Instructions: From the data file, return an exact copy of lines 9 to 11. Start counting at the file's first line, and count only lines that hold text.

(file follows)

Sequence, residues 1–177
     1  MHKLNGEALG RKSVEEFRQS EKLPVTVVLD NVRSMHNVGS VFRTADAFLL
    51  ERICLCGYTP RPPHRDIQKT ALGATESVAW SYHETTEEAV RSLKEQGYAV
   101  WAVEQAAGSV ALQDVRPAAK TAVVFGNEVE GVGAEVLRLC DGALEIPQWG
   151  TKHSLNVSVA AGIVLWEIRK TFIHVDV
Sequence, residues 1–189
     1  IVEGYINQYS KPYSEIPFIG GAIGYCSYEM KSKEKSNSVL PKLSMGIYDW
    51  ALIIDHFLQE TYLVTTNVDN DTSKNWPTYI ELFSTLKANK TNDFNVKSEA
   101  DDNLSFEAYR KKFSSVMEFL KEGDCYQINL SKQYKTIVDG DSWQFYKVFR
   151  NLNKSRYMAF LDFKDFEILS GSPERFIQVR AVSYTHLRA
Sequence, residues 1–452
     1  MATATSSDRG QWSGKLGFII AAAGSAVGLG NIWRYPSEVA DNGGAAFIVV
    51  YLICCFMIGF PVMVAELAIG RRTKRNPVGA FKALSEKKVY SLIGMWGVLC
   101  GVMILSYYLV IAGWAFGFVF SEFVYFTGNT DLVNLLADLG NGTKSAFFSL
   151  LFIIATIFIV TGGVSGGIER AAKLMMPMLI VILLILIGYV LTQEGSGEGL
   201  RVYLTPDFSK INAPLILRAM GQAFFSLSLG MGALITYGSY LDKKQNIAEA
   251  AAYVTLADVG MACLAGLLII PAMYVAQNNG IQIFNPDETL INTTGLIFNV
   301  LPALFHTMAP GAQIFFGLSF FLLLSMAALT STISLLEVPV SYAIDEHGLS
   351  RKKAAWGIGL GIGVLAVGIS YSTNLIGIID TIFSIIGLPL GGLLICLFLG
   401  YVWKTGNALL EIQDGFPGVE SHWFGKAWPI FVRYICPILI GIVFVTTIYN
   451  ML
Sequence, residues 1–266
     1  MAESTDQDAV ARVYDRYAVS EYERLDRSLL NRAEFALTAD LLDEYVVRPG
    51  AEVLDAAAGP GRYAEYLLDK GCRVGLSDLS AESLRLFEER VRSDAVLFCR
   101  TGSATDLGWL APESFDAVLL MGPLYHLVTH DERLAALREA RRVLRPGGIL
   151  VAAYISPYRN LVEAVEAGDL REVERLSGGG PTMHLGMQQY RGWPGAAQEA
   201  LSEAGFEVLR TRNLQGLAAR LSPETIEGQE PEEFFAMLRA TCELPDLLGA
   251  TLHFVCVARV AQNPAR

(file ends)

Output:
   101  DDNLSFEAYR KKFSSVMEFL KEGDCYQINL SKQYKTIVDG DSWQFYKVFR
   151  NLNKSRYMAF LDFKDFEILS GSPERFIQVR AVSYTHLRA
Sequence, residues 1–452